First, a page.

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The first round of the Morgan Threewheeler Racing Championship takes place at the Velocette OC Meeting at Cadwell Park on April 16th and this active Morgan club is having another Night Trial at the end of the month.

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The Vintage MCC intends to hold another Founder’s Day Rally, at Stanford Hall, Rugby, on April 23rd. The Vintage Assembly in TT week will take place in the IoM on June 4th-8th.

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The Bentley DC announces that the WO 11 Memorial Fund now exceeds £30,400.

MG K004

The following letter has shed further light on the whereabouts of MG K3004 and its Smith-modified body (see Motor Sport, February 1978).


I am writing in respect to your article on J.H.T. Smith’s K3 MG single-seater. The article was of particular interest to me as I have the K3 body from the Stuart-Wilton car that you believed to have been destroyed. This is the body that was lowered 4 1/2 inches and had a new tank made (by Gallay Ltd. 5-2-36 according to the plate on the filler neck) for the 1936 season and later sold to Billy Cotton and fitted to K3004.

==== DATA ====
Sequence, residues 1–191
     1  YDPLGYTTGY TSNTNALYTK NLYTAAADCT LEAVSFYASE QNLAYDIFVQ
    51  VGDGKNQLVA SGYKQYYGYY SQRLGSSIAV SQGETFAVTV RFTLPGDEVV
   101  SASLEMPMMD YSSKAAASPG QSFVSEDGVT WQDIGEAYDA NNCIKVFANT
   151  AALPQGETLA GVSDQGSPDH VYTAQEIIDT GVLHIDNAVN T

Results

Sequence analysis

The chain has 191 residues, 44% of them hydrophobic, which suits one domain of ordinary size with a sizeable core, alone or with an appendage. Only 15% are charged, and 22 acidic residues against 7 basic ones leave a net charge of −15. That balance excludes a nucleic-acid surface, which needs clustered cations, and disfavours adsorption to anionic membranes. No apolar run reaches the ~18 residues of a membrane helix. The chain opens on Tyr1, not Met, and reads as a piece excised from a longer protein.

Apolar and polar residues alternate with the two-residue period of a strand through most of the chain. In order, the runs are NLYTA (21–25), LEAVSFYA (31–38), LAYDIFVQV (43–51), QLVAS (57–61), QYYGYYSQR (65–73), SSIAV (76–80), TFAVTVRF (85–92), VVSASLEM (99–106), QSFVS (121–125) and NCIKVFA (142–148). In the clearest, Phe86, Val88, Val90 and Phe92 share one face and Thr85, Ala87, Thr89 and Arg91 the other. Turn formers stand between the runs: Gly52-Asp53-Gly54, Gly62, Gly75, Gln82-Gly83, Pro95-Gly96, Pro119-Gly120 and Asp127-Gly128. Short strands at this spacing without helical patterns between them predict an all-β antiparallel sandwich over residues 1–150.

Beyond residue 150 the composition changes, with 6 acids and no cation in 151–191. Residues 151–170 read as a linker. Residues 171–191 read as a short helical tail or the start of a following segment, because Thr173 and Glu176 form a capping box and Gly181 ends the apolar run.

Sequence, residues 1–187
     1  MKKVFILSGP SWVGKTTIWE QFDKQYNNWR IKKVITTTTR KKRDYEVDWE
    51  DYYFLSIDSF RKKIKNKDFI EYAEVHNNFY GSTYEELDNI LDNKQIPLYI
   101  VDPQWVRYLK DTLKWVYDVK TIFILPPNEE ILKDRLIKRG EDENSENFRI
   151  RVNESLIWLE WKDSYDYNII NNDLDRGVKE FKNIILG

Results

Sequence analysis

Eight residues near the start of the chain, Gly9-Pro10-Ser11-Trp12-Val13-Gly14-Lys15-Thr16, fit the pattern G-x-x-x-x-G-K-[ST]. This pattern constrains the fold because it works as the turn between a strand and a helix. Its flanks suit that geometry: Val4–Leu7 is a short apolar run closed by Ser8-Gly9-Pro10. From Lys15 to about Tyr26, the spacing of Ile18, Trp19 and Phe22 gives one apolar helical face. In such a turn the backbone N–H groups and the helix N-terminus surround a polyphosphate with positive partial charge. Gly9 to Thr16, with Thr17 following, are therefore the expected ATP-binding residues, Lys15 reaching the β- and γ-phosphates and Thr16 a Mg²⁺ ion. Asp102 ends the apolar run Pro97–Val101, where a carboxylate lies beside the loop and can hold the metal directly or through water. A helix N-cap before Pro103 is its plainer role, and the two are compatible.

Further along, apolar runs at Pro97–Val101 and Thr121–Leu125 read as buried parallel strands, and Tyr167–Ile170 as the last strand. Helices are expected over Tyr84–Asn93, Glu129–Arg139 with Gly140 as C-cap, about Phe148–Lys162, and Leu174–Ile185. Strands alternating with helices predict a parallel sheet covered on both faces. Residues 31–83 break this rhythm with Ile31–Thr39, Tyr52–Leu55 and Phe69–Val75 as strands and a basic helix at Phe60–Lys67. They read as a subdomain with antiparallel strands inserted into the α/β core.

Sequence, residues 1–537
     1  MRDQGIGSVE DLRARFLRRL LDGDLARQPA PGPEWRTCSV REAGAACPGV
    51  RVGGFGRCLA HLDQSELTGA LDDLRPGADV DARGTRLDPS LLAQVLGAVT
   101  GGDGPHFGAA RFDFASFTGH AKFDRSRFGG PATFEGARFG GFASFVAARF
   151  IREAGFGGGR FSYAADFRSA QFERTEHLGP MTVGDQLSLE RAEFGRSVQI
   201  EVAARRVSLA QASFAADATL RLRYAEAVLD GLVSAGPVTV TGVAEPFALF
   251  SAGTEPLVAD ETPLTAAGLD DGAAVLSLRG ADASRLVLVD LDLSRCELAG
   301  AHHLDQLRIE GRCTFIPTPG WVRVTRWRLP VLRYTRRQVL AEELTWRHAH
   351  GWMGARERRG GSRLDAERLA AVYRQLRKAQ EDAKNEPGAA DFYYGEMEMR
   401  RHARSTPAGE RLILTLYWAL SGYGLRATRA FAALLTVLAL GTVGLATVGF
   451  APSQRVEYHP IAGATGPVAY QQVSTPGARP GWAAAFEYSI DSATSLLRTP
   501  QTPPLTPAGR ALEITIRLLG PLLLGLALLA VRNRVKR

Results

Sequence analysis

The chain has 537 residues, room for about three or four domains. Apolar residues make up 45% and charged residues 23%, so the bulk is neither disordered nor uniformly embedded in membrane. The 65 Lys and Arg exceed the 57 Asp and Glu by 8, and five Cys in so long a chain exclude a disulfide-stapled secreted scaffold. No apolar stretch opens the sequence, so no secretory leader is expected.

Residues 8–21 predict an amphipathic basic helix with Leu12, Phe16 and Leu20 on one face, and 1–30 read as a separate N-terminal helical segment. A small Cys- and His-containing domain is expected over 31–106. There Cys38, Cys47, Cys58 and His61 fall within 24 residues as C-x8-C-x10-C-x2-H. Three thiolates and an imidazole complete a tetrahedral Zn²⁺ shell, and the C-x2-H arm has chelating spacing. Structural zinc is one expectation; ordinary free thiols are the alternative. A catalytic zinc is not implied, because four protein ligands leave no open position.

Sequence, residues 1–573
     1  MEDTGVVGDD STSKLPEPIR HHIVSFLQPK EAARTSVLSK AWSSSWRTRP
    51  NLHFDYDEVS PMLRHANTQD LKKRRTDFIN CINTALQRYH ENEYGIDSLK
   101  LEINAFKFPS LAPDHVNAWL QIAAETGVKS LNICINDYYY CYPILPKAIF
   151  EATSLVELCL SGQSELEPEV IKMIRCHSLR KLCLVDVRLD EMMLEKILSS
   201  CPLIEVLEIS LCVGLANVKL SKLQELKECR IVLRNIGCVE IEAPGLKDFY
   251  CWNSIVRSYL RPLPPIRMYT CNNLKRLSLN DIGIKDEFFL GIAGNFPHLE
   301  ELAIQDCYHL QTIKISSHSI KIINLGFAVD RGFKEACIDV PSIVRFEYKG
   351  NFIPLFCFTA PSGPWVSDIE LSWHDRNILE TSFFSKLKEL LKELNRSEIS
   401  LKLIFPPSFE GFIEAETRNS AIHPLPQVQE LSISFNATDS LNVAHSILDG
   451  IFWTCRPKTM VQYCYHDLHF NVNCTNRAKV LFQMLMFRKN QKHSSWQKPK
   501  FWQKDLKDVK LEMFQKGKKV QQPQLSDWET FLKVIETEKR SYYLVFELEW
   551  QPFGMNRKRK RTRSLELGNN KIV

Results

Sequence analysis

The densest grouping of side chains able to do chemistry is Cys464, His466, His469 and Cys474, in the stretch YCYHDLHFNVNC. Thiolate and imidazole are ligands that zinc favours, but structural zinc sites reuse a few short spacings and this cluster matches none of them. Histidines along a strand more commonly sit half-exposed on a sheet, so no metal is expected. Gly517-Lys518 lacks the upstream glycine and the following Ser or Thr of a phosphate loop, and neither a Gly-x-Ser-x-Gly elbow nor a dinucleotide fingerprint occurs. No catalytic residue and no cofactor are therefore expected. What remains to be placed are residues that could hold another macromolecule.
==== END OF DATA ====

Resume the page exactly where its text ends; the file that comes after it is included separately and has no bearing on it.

As reader Peter May said in last month’s Vintage Postbag, his brother sold K3004 to Jim Gullan who brought it out to Australia in 1951 and raced it in 1939 form. He later removed the Smith modified body and replaced it with a much lighter fibre-glass body in an effort to improve the performance. The car still was not as fast as the 1933 TT-bodied K3 owned by Otto Stones, which is the ex-Eddie Hall car. The Smith body was sold and the new owner fitted it to a Ford Special; this was subsequently broken up and after a few more owners I acquired the body. With the help of a friend who is an ace welder, the body was fitted to a lengthened P-type MG chassis. We have retained all the original body, just welding in bits that were cut away when it was fitted to the Ford Special.

We have lengthened the P-type chassis to the K3 wheelbase, and if anyone has a 6-cylinder engine and gearbox for sale we’d like to hear from them. Or better still, if the original chassis of K3015 is for sale, we’d like it to have its body back. The Billy Cotton K3, number K3004 now has a replica TT-type body on it and is owned by Frank Betts in New South Wales.

East Ivanhoe, Australia JAMES McDONALD